When Georges Méliès was shooting the first science-fiction film, 1902’s A Trip to the Moon, he had to invent his own special effects, including an ingenious editing trick to crash-land his space capsule on the face of the moon. His Jules Verne-inspired vision outpaced the available technology, so he invented his own.
Directors in later decades exhibited similar ingenuity by using miniatures to produce large-scale special effects, and the 1990s brought the era of computer-generated imagery to filmmaking, paving the way for virtual cinematography as seen in many early 2000s Hollywood action flicks. Breakthroughs like these often accompany the emergence of a new tech medium. Presented with the promise of drawing vivid new worlds, our imaginations run wild, so much so that they outpace what technology allows.
Today, the virtual reality industry is working to bridge this same “imagination gap.” Filmmakers and game developers are just beginning to wrap their minds around the kinds of immersive virtual worlds they can create. Camera manufacturers, animators, and middleware vendors are creating tools to bring those visions to life, and processor architects and VR headset makers are working to fashion the hardware that brings it all together.
VR as a medium has long struggled with this gap between vision and technical capability, but the medium now has momentum on its side. Devices like the Oculus Rift, PlayStation VR, and the HTC Vive provide developers with new capabilities and applications as diverse as gaming, live concert streaming, and job training.
No matter where VR storytellers choose to take us, though, the challenges facing hardware makers are universal: Experiences must look stunning, sound real, and allow intuitive interaction between the user and the virtual world.
While tethered VR systems have given early adopters a glimpse of potential virtual worlds, the setups are held back—both literally and figuratively—by their wires. A wired connection to either a high-powered PC or videogame console prevents users from moving freely through virtual worlds without fear of tripping. That’s why wire-free mobile systems are the key to bringing VR to the masses.
Fortunately, companies across the industry are working together to create mobile VR devices capable of reaching the quality of their beefier brethren, despite the challenge that these mobile devices need to deliver these experiences with mobile processors, not PC processors.
These mobile processors have to create full 360-degree spherical views for both the right and left eye, render colors accurately, and drive enough pixels to generate crisp images. Sounds must be perfectly generated to create the illusion of distance, direction, and the environment. For interaction, the processor has to fuse inputs from multiple sensors quickly enough to keep audio and video in sync with a user’s every movement, tilt, swivel, and sway.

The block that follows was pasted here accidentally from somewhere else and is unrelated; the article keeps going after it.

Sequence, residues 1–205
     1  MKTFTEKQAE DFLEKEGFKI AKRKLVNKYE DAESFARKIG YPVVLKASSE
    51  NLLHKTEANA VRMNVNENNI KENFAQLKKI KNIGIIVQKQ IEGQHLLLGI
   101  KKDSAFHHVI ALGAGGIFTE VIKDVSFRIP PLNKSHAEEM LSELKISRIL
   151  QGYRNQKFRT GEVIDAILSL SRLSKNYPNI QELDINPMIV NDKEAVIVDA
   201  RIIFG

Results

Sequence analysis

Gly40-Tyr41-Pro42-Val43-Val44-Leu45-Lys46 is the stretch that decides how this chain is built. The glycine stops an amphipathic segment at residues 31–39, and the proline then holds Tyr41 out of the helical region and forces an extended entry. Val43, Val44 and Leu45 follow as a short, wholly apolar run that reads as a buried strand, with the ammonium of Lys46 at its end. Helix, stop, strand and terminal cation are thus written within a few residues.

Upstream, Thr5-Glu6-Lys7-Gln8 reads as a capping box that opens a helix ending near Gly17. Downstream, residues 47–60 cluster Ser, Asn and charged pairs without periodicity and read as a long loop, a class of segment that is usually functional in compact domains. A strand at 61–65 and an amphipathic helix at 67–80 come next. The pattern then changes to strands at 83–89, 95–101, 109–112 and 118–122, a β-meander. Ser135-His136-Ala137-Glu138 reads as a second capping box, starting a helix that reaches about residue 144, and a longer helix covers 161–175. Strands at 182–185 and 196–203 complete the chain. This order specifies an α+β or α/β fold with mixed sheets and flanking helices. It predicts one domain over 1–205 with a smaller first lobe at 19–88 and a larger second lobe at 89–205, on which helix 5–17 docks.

While there’s still work to be done on the device manufacturer’s side (for example making pixel-dense 4K screens the norm), mobile processors, such as the Qualcomm Snapdragon 820, are already tackling these challenges head-on. Meeting the processing requirements within the power and thermal constraints of a mobile device is no simple task, so Qualcomm took a holistic approach. Designed with VR in mind, the Snapdragon 820 relies on heterogeneous computing, in which purpose-built processing engines work in concert, each handling the tasks they’re best at.
The Qualcomm Adreno graphics processing unit—the part of the chip responsible for image rendering—is a perfect example: It uses sophisticated rendering techniques to maximize efficiency and performance while reducing latency. At the system level, removing latency bottlenecks requires optimizations across the entire processor and software stack. Reducing motion to photon latency is a perfect example since it involves many processing tasks, such as motion detection, visual processing, and updating the display, that require many heterogeneous engines. The Qualcomm Hexagon DSP quickly determines the head pose through on-device motion tracking, the Adreno GPU adjusts the rendered scene, and the display engine seamlessly updates the screen.
Still, meeting the specs is only half the battle; it’s up to content creators to make the most of this new digital canvas. The good news is they won’t have to start from scratch. The Snapdragon VR SDK and VR820 reference platform hands developers the tools they need to realize the full potential of the Snapdragon processor. Developers won’t need to generate their own code to determine the user’s head movement, or painstakingly create separate left-eye and right-eye views, or tweak their renderings to compensate for the way the optics of a headset’s lenses can distort images.
In essence, these tools unburden VR content creators from having to figure out how to realize their visions, the way Georges Méliès did. As device makers continue to release powerful new hardware, VR game developers and filmmakers can instead focus on bringing to life what they see with their mind’s eye, from crash-landing on the moon to dreaming up new worlds.
Qualcomm Adreno, Qualcomm Hexagon DSP, Qualcomm Snapdragon and Qualcomm VR SDK are products of Qualcomm Technologies, Inc.
This article was produced by Qualcomm and not by the Quartz editorial staff.